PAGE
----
For the past two or so weeks I've been spending a lot of time writing Rust. Rust is a really spectacularly designed language with perhaps the greatest package manager.It's called Cargo. I've been continuously blown away by how lovely it is to write stuff in!

Rust is fascinating to me because it's one of my first true compiled languages. In contrast to the other languages I'm somewhat good at:

I am only passingly familiar with C and have mostly repressed C++, so Rust was both new and refreshing to me. The workflows are strikingly different – with Julia or R or what have you, I go through a very rapid iterative process. Write something, run it, see what worked, fix it, move on to the next issue. It's very slapdash.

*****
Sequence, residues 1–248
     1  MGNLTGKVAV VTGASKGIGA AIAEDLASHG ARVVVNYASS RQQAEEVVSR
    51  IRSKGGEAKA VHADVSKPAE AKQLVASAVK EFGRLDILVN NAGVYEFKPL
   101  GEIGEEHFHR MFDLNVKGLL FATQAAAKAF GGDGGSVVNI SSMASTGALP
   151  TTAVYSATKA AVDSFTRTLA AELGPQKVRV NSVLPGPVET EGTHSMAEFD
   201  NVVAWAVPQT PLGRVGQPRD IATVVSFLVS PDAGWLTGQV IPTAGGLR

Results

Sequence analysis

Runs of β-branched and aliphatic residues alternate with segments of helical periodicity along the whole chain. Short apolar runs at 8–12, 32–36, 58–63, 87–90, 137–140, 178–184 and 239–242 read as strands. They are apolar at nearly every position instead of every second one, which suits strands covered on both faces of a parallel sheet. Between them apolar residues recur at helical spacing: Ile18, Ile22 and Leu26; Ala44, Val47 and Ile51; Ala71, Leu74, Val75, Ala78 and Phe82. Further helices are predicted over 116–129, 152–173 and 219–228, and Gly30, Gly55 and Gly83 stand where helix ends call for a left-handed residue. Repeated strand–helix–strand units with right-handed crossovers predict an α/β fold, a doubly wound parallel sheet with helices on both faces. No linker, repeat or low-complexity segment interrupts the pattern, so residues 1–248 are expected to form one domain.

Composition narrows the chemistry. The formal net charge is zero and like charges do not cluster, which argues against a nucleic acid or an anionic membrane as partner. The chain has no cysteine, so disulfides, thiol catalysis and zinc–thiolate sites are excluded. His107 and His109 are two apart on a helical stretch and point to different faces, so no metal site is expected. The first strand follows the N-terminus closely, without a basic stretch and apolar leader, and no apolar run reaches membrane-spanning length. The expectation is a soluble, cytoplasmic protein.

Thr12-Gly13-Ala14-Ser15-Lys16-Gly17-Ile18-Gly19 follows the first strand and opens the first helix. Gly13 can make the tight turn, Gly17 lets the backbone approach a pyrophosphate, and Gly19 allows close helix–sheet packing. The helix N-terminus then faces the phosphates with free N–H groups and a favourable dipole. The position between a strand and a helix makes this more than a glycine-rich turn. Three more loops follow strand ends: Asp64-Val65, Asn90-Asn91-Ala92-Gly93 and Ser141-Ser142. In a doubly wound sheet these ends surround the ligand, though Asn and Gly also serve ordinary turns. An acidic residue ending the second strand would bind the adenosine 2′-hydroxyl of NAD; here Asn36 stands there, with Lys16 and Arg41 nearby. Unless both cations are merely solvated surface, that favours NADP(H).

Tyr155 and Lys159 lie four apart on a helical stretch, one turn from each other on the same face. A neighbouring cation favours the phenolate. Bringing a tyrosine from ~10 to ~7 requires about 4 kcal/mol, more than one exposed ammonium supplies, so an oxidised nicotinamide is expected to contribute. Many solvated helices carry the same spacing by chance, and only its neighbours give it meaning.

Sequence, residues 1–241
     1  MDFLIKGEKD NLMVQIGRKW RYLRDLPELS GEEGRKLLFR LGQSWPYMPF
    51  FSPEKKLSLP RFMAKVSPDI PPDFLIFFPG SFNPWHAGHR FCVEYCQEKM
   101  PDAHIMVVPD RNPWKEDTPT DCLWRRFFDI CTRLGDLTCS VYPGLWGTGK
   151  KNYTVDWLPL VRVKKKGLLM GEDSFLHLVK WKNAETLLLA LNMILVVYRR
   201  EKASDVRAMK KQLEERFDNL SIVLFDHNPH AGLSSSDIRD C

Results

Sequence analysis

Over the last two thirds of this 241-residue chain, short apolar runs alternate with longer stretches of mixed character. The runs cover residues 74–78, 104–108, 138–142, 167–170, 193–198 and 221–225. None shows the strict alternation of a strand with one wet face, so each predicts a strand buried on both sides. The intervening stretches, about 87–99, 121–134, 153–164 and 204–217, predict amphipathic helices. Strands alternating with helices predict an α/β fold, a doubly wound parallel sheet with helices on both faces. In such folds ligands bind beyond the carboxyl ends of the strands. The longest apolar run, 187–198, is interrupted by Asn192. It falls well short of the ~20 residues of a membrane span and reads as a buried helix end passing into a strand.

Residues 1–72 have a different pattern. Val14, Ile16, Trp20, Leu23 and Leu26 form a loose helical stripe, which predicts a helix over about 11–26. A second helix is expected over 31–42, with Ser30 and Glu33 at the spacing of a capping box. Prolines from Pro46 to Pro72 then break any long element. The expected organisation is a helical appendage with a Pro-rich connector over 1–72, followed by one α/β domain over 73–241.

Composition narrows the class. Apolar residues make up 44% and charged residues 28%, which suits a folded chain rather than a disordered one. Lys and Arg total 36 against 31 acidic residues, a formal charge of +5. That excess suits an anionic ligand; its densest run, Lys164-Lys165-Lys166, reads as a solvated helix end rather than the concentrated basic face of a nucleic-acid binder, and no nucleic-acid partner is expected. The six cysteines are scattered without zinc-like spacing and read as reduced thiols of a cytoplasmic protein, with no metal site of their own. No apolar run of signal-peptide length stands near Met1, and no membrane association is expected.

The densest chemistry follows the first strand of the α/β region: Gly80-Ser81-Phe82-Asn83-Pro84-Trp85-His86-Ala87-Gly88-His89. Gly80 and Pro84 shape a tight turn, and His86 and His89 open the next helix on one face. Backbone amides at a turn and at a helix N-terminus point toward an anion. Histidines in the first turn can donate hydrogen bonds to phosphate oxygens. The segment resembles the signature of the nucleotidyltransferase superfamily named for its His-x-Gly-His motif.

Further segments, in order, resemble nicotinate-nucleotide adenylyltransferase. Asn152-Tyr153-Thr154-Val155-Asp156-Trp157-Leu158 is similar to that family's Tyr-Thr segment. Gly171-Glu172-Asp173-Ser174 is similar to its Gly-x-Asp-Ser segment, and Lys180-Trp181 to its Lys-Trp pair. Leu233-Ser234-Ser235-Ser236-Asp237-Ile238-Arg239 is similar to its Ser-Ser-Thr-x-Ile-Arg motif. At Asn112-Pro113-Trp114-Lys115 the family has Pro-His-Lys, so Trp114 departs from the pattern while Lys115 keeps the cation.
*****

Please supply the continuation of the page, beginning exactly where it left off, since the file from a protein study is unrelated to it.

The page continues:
With Rust (and, I presume other compiled languages), I have to stop and think a lot more about what I'm doing and how I'm doing it. This is a bit more important in Rust because of the concept of ownership, an entirely bizarre concept of who owns what thing in any given program.

My (admittedly frail) understanding of ownership is that everything that exists in a program is owned by a varible. Once that variable goes out of scope, the memory allocated goes with it. It's how Rust manages memory safety. It has a pretty steep learning curve initially, but once you've learned it it's almost effortless to use.

All in all, it's a spectacular language. Fast, too. And ultra strongly typed with none of the rigid puritanical stuff that comes with Haskell.

Cameron Pfiffer. Last modified: April 10, 2024. Website built with Franklin.jl and the Julia programming language.